BECKY: We talked with Dave Sokol before you came on about an hour ago. He was talking a little bit about what he sees in the housing market. Obviously, Berkshire has a pretty good feel from a number of its different businesses on where things are headed.
BUFFETT: It was interesting. I heard Rich a few minutes ago talk about the housing numbers -- housing starts being a bad number. You want a bad number for a while. The only way you clean up an excess inventory is to have more demand than supply. We had more supply than demand for three or four years in housing. We produced 2 million housing units a year. We created 1.3 million households. Result: trouble. And the longer you do it, the more overhang in inventory you have. The only way to clean it up, one way, you can start getting 13-year-olds to start co-habiting and create more households that way. I'm sure we'd get a lot of volunteers among 13-year-olds. But if you're going to have normal household formation, you've got to have subnormal housing production to work off the inventory. The lower the number is temporarily, the better. It's bad for our brick business. It's bad for our carpet, it's bad for our insulation business, all kinds of things.
BECKY: It's bad for jobs and that presents a problem for the administration.
BUFFETT: We created the problem. We could have a cash for clunkers program on houses. If we would blow up 3 or 4 million houses today the housing shortage would be over, it would be in the right place. It wouldn't be my house or your house. But if you have an inventory overhang, you have to have demand be greater than supply for a significant period of time to work it out. And we're well on the way to that. A lot of the housing problem is behind us. The commercial real estate problem is not behind us. But the housing is.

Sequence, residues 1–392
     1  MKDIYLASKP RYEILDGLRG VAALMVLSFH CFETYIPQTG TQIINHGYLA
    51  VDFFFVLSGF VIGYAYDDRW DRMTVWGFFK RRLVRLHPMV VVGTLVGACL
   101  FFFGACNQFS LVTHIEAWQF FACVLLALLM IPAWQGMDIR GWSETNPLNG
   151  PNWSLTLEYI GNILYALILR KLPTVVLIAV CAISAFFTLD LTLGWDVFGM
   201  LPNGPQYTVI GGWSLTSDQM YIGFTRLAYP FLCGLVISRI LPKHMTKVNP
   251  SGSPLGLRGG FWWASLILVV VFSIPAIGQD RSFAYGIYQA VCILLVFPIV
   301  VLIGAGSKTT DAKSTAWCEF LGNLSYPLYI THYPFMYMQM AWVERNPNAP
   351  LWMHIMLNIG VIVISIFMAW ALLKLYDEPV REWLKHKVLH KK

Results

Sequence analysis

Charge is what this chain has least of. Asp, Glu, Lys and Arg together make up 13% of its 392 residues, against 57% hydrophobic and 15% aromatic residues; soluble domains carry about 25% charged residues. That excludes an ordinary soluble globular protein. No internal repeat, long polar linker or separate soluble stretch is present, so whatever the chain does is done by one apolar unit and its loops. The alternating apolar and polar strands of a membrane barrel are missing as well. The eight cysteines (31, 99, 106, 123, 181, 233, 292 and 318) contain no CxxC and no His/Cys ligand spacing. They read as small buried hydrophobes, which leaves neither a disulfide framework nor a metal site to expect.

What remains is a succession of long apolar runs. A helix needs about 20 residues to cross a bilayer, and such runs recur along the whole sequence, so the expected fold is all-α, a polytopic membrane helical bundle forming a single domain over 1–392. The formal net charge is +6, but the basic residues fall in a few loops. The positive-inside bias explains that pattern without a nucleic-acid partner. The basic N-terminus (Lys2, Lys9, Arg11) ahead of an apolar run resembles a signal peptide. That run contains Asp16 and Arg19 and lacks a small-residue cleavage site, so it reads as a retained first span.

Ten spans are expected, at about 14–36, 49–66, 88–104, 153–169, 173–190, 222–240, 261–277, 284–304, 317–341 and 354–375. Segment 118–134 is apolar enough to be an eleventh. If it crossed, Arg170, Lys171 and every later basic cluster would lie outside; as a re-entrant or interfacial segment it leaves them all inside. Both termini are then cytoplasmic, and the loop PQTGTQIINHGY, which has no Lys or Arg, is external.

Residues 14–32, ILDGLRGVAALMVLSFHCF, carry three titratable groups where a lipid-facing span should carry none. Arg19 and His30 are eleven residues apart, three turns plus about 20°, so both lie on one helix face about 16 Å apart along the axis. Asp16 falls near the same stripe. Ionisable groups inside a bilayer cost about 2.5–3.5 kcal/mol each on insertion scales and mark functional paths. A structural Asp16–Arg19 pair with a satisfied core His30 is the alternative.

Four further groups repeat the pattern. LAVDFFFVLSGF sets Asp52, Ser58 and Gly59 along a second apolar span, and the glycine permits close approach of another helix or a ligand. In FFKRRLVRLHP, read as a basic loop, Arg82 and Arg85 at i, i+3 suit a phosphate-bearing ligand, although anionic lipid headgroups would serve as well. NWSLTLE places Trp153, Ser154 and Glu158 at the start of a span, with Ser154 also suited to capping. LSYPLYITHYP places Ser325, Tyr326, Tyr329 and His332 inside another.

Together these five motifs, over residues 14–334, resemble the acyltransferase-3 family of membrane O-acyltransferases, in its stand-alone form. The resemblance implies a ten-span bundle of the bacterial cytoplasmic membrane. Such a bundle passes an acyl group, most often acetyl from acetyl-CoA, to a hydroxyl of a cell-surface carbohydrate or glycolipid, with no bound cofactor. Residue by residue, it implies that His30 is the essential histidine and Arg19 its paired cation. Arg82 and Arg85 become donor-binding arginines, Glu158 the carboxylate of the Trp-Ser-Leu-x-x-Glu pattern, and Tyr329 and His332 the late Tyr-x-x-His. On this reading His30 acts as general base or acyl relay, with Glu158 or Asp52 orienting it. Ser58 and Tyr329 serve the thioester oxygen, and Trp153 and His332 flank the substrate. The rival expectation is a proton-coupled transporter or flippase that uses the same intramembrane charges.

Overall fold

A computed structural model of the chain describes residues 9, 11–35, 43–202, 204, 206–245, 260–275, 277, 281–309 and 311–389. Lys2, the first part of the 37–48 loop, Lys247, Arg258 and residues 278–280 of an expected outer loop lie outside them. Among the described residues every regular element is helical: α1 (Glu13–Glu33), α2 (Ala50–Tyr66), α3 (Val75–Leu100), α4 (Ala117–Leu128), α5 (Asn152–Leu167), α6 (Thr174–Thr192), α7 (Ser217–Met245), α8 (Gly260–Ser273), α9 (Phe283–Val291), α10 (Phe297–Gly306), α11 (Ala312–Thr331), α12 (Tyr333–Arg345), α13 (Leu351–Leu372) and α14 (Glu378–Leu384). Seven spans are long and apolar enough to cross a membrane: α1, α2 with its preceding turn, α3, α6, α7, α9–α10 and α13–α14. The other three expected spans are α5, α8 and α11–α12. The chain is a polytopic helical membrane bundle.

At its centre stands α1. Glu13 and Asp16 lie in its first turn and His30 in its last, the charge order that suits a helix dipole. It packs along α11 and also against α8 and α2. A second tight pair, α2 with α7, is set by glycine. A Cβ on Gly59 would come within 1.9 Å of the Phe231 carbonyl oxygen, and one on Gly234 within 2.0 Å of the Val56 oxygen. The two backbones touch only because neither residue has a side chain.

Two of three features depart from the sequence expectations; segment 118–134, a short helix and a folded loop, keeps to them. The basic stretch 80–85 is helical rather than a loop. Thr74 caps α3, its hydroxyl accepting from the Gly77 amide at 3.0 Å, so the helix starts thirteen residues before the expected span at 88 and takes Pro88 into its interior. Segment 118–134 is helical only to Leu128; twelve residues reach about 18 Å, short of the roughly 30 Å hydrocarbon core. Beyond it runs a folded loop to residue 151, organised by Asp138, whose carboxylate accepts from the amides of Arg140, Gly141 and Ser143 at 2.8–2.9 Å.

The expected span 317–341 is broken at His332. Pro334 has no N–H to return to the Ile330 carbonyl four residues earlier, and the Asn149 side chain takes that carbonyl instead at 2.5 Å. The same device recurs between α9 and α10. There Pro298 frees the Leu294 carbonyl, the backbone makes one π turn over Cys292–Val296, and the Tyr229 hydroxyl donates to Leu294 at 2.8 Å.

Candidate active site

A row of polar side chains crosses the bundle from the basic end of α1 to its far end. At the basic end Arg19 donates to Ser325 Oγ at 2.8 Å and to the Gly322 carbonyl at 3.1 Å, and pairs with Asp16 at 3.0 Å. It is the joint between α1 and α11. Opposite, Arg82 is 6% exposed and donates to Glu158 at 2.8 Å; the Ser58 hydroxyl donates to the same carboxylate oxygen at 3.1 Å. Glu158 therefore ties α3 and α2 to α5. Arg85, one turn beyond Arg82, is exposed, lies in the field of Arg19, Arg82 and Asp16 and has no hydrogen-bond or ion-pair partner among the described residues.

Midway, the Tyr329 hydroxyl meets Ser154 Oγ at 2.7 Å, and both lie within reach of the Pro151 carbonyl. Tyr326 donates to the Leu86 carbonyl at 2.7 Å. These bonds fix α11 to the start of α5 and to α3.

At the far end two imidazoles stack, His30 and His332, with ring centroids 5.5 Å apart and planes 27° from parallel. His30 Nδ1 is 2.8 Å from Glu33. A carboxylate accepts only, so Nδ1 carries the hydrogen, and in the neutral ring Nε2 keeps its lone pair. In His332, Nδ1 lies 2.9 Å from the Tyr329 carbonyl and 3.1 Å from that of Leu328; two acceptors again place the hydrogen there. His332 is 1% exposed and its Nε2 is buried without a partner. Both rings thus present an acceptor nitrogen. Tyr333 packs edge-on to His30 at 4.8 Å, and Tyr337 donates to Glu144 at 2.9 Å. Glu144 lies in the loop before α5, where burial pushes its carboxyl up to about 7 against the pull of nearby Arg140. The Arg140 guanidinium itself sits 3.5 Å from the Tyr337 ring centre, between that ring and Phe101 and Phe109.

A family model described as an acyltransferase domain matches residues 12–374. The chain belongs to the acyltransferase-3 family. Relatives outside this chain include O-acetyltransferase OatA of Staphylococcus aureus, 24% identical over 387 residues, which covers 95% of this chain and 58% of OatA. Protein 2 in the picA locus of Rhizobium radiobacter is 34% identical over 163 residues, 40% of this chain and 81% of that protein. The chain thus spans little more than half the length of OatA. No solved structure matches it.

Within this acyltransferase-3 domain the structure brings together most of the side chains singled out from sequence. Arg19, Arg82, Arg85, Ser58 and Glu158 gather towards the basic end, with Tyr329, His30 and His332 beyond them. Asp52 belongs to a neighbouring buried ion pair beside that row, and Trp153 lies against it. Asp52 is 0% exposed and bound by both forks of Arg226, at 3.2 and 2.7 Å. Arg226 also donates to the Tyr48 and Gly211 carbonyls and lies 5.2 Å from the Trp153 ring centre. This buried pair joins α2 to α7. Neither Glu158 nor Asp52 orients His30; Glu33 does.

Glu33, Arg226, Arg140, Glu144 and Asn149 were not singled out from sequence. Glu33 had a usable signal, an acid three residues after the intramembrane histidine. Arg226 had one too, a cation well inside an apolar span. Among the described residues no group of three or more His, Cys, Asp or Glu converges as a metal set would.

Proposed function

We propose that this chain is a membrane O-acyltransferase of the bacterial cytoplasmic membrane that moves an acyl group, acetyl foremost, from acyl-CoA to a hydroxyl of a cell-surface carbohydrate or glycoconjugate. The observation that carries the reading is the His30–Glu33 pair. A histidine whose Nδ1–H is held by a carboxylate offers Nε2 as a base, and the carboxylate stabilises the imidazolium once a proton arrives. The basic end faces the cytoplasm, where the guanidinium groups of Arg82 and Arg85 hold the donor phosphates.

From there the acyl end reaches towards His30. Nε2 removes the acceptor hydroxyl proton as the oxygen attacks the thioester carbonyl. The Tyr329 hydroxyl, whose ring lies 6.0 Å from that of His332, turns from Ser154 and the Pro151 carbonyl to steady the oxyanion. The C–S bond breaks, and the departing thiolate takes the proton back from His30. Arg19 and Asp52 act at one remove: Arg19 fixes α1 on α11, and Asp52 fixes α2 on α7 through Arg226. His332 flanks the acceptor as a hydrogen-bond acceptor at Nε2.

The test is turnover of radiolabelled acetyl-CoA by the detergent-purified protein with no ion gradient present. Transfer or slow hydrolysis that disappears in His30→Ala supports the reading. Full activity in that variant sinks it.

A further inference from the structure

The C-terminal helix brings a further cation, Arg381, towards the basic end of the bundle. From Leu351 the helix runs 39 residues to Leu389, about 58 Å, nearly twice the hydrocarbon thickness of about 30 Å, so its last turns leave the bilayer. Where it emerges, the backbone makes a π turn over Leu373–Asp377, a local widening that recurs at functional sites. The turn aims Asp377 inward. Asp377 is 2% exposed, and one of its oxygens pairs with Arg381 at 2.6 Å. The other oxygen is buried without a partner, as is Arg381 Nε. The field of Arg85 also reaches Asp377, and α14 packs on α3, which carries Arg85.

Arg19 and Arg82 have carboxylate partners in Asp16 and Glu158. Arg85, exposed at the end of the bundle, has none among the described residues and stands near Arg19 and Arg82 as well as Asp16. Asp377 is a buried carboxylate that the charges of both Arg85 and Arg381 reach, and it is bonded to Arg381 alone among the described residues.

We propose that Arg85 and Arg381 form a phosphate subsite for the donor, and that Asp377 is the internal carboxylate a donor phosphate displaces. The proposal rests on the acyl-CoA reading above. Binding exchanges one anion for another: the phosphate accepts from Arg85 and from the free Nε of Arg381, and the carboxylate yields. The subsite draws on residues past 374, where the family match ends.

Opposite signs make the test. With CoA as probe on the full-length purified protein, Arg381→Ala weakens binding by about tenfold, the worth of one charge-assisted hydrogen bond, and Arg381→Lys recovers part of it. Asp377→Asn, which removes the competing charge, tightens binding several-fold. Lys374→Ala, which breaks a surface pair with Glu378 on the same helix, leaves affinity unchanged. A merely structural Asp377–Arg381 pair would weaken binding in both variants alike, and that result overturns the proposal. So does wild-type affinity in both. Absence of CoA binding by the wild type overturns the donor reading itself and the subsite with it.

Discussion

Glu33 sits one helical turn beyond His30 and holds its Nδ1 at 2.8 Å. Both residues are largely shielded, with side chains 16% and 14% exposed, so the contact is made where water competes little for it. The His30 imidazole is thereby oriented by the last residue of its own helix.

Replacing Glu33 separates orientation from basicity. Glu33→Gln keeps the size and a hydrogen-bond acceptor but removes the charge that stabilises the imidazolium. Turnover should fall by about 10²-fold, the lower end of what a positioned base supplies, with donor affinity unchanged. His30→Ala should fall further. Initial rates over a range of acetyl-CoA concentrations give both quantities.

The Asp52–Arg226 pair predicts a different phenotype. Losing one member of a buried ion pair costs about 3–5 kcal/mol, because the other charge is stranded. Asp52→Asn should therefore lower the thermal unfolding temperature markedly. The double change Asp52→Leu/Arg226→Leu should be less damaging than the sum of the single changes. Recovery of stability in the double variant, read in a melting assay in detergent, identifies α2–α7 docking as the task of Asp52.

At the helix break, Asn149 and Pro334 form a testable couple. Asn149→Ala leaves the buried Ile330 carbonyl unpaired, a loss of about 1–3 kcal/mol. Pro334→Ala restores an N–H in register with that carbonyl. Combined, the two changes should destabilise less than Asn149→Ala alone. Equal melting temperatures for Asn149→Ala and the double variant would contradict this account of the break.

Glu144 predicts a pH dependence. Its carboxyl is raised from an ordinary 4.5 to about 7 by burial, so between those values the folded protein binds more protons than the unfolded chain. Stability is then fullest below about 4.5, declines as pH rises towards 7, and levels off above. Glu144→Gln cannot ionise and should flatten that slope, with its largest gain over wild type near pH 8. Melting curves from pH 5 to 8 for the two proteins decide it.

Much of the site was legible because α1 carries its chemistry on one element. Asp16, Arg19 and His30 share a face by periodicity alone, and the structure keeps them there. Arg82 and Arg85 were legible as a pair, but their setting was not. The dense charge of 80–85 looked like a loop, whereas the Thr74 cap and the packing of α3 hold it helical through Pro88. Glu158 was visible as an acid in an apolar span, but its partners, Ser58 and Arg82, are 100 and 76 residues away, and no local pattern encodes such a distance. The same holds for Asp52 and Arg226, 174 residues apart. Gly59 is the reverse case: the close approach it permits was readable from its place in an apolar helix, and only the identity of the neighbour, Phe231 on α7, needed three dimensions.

BECKY: But are you saying that the administration should not have put in some of these programs to try and ease the pain along the way? Like a cash for clunkers, like the mortgage tax deduction that you can get?
BUFFETT: Well, cash for clunkers, the idea is if you destroy a bunch of cars, people will need to buy more cars. You could have cash for cream puffs. Bring in your brand-new car you bought yesterday and blow it up, destroy it, and then you'd have demand for one more car. You can always create demand in something like cars, you know, just say half the cars in the United States have to be destroyed tomorrow morning. You'd have the biggest car deal you've ever seen. So those kind of programs -- and we did some of that in the New Deal. You do it when you force farmland to become fallow for a while. You decrease the output of crops. All kinds of ways of interfering with, you know, with changing the supply/demand situation. But overall, I think particularly if you go back to the fall of 2008, overall, our government has warded off something that would have been very, very, very much worse. I mean, I give the government credit overall. I can knock this program or that program. But overall, the government's done a good job.